Material Reflections – A Loving Goodbye, A Wordless Letter – John Wigley

By Iain Taylor on November 27th, 2019


Material Reflections is a collection of short reflective pieces exploring the complex personal relationships that people form with material things. Bringing together perspectives from a range of academics, students, and cultural practitioners, the project seeks to highlight the breadth and plurality of ways in which material things impact upon our ideas, identities, research, and practice. This Material Reflection comes from John Wigley, who is an Associate Professor in Fine Art based in Birmingham School of Art. As an artist, his work consists of sculptures and videos that, through balance, juxtaposition and comic pathos, explore time and the suspended moment. They are essentially poetic ‘still lives’. In this Material Reflection, he looks back at a drawing by his late mother created at a formative time in his life. It strangely links to all of his subsequent artistic practice.

 

This drawing was created on a wet Sunday in the early 80’s. It is a profile portrait of myself as a 19-year-old seated in front of wooden French windows and florid wallpaper, drawn by my dying mother. Using a scrap of paper and a found pencil, as a young art student I had an idea to reverse Whistler’s painting of his mother, ‘Arrangement in Grey and Black’, by being seated for a drawing by the artist’s mother. 

It was a thin idea, in retrospect. However, it was to produce something much more valuable and surprising: a drawing that captures the trace of her hand, her looking eye and response to a son who left far from home for a university life in the south. 

It is both a terrible and a wonderful drawing, technically poor but decisively accurate, simple and concise. Ignoring the background entirely, she clearly struggles with the chair, fitting the lines and form together as an approximation, laid out as if on the floor or left hanging in the air. No matter. Her attention is on the face, the thing she knows best. It is large, the profile tracing the nose and generous chin covered in diagrammatic and hastily marked stubble. The glasses sit confidently on the nose. There is a watchful eye and an unlikely smile, and the hair, auburn, something she always liked and commented on, heavily shaded. The collarless shirt, sprouting thin symmetrical arms, is carefully buttoned with interspersed dots, whilst the legs, less important, tentatively hang from a faint set of braces, sweeping down to pointed feet that were in fact naval deck shoes. My body floats, framed, suspended in time and space, as was the case.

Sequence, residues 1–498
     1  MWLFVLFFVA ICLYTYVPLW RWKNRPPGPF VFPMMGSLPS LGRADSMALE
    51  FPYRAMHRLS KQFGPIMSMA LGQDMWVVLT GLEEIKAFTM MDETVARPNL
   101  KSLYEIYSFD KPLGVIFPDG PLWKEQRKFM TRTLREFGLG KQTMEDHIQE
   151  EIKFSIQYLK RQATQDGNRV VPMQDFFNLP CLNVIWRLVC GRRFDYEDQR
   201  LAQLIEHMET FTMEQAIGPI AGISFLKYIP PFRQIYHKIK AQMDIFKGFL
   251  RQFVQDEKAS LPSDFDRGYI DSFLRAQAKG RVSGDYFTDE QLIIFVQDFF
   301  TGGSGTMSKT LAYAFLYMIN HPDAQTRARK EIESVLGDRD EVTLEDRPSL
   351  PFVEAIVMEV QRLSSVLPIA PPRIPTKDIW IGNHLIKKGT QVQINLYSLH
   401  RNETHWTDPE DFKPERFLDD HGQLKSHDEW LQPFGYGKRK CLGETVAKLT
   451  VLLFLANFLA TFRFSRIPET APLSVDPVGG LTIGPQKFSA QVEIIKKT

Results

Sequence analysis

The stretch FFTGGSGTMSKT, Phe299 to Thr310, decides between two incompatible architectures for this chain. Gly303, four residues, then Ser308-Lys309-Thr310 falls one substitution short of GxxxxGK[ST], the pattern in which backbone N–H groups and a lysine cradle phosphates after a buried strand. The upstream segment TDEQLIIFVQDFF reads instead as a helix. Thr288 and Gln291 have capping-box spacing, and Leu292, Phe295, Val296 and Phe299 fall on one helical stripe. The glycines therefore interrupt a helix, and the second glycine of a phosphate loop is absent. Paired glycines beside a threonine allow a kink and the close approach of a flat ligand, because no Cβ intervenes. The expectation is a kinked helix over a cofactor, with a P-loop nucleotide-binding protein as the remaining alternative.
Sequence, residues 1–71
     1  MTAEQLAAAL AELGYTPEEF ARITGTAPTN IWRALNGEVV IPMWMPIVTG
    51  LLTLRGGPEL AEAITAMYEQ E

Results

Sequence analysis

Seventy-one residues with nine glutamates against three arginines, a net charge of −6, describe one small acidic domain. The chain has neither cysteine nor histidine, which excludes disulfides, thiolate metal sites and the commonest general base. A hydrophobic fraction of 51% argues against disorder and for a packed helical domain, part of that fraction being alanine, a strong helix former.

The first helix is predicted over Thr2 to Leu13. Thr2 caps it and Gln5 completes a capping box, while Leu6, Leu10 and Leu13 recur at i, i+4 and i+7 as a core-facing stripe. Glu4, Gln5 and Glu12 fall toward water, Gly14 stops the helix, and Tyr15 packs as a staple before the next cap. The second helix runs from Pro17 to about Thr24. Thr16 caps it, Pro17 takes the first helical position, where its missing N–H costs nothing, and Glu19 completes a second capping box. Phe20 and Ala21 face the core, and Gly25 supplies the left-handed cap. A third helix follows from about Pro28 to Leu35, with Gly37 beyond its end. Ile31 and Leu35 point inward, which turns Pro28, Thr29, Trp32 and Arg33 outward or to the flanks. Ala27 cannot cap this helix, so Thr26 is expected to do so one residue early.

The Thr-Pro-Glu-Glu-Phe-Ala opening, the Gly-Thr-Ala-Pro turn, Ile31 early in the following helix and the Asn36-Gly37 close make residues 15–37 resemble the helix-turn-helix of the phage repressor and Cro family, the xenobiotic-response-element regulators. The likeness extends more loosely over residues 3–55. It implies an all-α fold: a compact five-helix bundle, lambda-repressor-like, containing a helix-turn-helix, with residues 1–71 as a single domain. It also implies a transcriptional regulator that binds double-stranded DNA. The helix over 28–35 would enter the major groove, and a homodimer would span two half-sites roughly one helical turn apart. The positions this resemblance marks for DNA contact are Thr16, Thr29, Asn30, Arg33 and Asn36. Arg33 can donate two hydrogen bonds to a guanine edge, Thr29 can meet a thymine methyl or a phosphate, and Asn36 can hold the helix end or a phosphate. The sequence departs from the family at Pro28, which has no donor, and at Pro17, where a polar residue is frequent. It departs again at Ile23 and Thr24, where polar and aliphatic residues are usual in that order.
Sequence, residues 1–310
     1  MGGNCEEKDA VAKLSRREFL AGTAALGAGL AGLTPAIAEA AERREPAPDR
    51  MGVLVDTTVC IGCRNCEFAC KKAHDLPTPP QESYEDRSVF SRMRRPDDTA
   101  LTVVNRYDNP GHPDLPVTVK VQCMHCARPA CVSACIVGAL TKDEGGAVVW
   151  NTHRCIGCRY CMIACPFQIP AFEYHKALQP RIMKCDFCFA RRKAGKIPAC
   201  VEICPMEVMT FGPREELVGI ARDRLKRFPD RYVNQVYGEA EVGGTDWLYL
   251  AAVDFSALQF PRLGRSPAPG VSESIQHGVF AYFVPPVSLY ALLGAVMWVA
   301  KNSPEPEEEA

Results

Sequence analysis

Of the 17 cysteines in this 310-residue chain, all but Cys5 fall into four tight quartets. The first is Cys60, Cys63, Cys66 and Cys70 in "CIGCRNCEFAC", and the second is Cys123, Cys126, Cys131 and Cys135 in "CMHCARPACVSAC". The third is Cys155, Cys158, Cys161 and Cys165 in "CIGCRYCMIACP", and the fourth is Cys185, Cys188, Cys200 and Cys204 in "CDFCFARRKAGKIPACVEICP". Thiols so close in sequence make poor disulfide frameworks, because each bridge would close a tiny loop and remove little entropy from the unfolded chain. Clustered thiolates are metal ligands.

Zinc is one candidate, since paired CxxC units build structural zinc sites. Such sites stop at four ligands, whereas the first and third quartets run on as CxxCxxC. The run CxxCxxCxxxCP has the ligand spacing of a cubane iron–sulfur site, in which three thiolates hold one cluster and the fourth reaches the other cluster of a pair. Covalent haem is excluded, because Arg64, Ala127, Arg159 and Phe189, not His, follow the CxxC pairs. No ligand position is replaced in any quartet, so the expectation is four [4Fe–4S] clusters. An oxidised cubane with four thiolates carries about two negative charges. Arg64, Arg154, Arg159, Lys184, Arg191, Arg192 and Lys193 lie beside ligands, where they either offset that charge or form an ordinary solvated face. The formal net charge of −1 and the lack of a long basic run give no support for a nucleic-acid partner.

Looking at it again, as I regularly do, 38 years later, it is clear that this was not just a drawing, or even a role reversing act, but a paper certificate confirming existence, a life about to be lived and a life about to be lost, both at a greying threshold, waiting for something to happen. It has become a loving goodbye, a wordless letter.